A Skype Interview With Karen Stadler – Creator Of The Travelling Rhinos Project

Brodie’s Thinglink map outlines the number of surviving wild rhinos.

Yesterday we were very fortunate to be able to skype Karen Stadler, the teacher from South Africa who created the Travelling Rhinos project which we are currently participating in.

Five toy rhinos travel the world, hopping from classroom to classroom to raise awareness about the plight of wild rhinos. By joining this project, our class is undertaking to raise our local community’s  awareness about this endangered species.

After we had done a little bit of reading about rhinos, the children prepared a set of questions to ask Karen. Here is a summary of the interview:

Mollie: “Our class has received Lesedi, one of the five toy rhinos. Is Lesedi a boy or a girl?”

Karen: “Lesedi’s a girl rhino!”

Emily: “We learnt there are five species of rhino. What kind of rhino is Lesedi?”

Karen: “Lesedi is a white rhino.”

Lilly: “How old is Lesedi?”

Karen: “She’s quite young. She will turn 3 in December 2015.”

Brianna: “What inspired you to start the project?”

Karen: “A trip to the Krueger National Park in 2012. There I took a picture of 5 beautiful rhinos at a water hole. When I went home, I read about rhino poaching and I realised the odds were not good for these rhinos. This is when I decided to do something about it.”

Oriana: “How long did it take you to set up the whole project?”

Karen: “I went to the Krueger National Park in October 2012, and the project was launched in December 2012. So it was started very quickly, we only needed time to make the rhinos. One of our parents sewed the five rhinos, and the children at the school named them.”

Will: “How many schools have your rhinos been to?”

Karen: “So far the rhinos have visited about 100 schools worldwide!”

Megan: “What have been the achievements of the project so far?”

Karen: “The topic is very often on the news in South Africa, because it is such an issue. The project has received a number of awards, I went and presented at a conference in the USA last year, and I have also been to Dubai to another conference this year. We have been interviewed on the radio and articles have been published in different newspapers. All of this has been wonderful as it helps raise awareness about the problem of rhino poaching.”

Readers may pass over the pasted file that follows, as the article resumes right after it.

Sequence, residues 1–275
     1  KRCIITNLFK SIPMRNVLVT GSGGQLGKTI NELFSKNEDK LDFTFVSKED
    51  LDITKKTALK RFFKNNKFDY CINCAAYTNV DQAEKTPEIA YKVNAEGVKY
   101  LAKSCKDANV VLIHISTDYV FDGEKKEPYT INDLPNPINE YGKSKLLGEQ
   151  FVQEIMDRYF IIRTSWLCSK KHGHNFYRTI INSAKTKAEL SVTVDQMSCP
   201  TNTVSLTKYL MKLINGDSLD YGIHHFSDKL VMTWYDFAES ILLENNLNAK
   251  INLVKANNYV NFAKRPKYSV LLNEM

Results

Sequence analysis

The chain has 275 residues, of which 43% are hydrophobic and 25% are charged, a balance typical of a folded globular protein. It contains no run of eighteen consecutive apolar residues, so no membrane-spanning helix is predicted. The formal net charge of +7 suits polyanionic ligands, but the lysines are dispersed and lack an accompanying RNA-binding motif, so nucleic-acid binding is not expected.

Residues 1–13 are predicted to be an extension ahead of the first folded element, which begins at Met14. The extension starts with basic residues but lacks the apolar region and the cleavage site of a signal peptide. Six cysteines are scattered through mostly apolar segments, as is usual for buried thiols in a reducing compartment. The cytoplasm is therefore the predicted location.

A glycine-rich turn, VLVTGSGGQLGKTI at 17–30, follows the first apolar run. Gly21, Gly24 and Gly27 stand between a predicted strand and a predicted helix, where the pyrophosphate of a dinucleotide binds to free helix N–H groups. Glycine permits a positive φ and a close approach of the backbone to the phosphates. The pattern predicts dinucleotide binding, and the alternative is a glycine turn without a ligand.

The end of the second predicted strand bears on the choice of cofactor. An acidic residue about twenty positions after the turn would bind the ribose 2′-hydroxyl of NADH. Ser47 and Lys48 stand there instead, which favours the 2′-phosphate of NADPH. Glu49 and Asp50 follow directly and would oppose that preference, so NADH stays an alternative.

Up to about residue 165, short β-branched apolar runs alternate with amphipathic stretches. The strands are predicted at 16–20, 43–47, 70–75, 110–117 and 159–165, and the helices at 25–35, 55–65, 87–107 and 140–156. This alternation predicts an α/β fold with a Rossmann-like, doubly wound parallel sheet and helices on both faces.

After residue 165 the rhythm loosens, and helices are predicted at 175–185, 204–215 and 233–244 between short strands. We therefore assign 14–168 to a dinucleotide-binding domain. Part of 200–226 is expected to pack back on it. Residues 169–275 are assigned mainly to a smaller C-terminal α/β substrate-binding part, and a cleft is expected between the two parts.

Duncan: “We have been reading about strategies to protect the rhinos, for example we read about dehorning. Which strategy do you think is the most effective?”

Karen: “It is very difficult to protect rhinos in the Krueger National Park, as it is a huge park. It is as  large as the country Israel. It is very difficult to get into the park due to the vegetation. There are many armed patrols that guard the Krueger National Park, but despite this, rhinos are still being poached. Dehorning has not been very successful as we find that rhinos are still being killed for their horns, even if they only have a stump remaining after they have been dehorned. Some people have also tried infusing the horn with poison to deter people from making medicine out of the horn but this hasn’t been successful either.”

Ethan: “How many rhinos are there in zoos worldwide?”

Karen: “Actually, I don’t know!”

Zac: “How many rhinos are there left in the world?”

Karen: “There are 20,000 white rhinos left in Africa, 80% of them in South Africa. There are 4,500 black rhinos left in Africa and again 80% of them in South Africa. There are 3 other species, you may like to research how many of them are left”.

Lily Beth: “Was there ever a rhino species that got extinct? (i.e. a 6th species)”

Karen: “Yes, there was! There was a species of rhinos from Russia. They were furry rhinos. They were called the woolly rhinos. They were extinct thousands of years ago.”

Kelly: “How much food does a rhino eat in a day?”

Karen: “I am not sure, but it is a lot!”

Alex: “If the rhino’s main food disappeared, what would they eat?”

Karen: “All life on Earth belongs to a chain, every animal and plant plays a part in the balance of  nature. If rhinos’ food was to disappear, rhinos would disappear, and there would be consequences for other animals and plants.”

We were fortunate to have this time with Karen. The children are very enthused about the project and we have thought of many ideas we are going to implement in order to raise awareness about endangered rhinos in our community. What I love most about this is seeing the children come up with ideas that integrate the new tools they’ve been learning about this year.

Watch this space!


Mrs Pratt

One Comment

  1. Educating children about the rhinos is good, rhinos are nearly extinct

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